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Cysteine cathepsins: From structure, function and regulation to new frontiers☆
Guidelines for the use and interpretation of assays for monitoring autophagy (3rd edition)
There continues to be confusion regarding acceptable methods to measure autophagy, especially in multicellular eukaryotes, so it is important to update guidelines for monitoring autophagic activity in different organisms.
Selective Disruption of Lysosomes in HeLa Cells Triggers Apoptosis Mediated by Cleavage of Bid by Multiple Papain-like Lysosomal Cathepsins*
- T. Cirman, Kristina Oresić, B. Turk
- Biology, ChemistryJournal of Biological Chemistry
- 30 January 2004
It is shown that selective lysosome disruption with l-leucyl-l-leucine methyl ester results in apoptosis, characterized by translocation of lysOSomal proteases into the cytosol and by the cleavage of a proapoptotic Bcl-2-family member Bid.
Lysosomal cysteine proteases: more than scavengers.
The refined 2.4 A X‐ray crystal structure of recombinant human stefin B in complex with the cysteine proteinase papain: a novel type of proteinase inhibitor interaction.
A stoichiometric complex of human stefin B and carboxymethylated papain has been crystallized in a trigonal crystal form and inhibition by the cysteine proteinase inhibitors is fundamentally different to that observed for the serineproteinase inhibitors.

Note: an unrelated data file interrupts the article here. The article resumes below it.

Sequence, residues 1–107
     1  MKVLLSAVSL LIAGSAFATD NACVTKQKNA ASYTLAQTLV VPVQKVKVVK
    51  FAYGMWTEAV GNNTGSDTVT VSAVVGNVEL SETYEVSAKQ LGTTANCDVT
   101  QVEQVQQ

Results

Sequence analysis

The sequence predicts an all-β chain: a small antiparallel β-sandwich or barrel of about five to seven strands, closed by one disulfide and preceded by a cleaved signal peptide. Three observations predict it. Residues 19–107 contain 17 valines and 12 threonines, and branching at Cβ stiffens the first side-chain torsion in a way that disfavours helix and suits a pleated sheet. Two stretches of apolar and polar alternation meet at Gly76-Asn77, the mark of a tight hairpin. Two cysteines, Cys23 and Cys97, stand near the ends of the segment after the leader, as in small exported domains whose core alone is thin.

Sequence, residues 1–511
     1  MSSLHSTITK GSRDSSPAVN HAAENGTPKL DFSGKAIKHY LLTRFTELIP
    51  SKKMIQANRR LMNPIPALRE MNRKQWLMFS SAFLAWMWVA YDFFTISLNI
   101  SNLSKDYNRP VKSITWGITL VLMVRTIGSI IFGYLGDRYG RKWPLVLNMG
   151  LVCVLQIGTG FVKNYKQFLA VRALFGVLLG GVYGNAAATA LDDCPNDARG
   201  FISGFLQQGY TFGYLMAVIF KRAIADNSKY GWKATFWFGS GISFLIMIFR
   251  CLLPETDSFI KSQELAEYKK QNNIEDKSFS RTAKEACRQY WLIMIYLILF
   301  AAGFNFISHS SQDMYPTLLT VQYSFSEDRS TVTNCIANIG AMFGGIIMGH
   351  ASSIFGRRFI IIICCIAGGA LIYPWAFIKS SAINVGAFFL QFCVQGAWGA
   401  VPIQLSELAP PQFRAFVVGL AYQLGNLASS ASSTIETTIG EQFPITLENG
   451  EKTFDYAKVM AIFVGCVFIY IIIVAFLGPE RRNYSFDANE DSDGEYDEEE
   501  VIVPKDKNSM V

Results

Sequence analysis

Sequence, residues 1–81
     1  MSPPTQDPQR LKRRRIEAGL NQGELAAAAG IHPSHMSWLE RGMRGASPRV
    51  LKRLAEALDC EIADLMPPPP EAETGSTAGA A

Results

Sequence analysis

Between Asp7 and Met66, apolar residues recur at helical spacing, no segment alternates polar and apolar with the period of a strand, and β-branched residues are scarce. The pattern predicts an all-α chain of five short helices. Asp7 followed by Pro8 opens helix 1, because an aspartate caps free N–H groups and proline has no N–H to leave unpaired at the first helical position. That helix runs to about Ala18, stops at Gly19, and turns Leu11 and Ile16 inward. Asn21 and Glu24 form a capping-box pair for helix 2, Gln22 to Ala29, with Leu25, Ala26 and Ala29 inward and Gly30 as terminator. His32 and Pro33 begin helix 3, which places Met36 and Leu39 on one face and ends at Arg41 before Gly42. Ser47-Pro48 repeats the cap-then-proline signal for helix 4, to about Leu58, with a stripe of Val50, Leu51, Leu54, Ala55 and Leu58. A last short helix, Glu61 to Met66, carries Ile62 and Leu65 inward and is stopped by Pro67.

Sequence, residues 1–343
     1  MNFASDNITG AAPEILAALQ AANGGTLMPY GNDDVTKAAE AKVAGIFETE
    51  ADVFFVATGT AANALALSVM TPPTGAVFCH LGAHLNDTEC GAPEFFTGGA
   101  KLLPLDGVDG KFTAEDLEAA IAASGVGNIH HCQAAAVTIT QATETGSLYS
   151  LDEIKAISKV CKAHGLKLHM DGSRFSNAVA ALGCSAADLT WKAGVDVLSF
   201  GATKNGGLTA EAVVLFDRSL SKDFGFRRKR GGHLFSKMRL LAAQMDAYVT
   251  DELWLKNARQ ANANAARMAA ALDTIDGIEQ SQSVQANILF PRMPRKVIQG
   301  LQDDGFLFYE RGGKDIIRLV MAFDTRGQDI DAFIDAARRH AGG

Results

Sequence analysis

The cystatins: Protein inhibitors of cysteine proteinases
Lysosomal Protease Pathways to Apoptosis
Data suggest that Bid represents a sensor that allows cells to initiate apoptosis in response to widespread adventitious proteolysis, supported by the finding that cytosolic extracts from mice ablated in the bid gene are impaired in the ability to release cytochrome c in Response to lysosome extracts.
The refined 2.15 A X-ray crystal structure of human liver cathepsin B: the structural basis for its specificity.
Monoclinic crystals were obtained which contain two molecules per asymmetric unit and the overall folding pattern of cathepsin B and the arrangement of the active site residues are similar to the related cysteine proteinases papain, actinidin and calotropin DI.
The 2.0 A X‐ray crystal structure of chicken egg white cystatin and its possible mode of interaction with cysteine proteinases.
Docking experiments suggest a unique model for the interaction of cystatin and papain that seems to be fundamentally different from the ‘standard mechanism’ defined for serine proteinases and most of their protein inhibitors.
Structural and functional aspects of papain-like cysteine proteinases and their protein inhibitors.
Among the lysosomal cysteine proteinases, cathepsin L was found to be the most active in degradation of protein substrates, such as collagen, elastin and azocasein, and the most abundant (Kirschke and Barrett, 1981).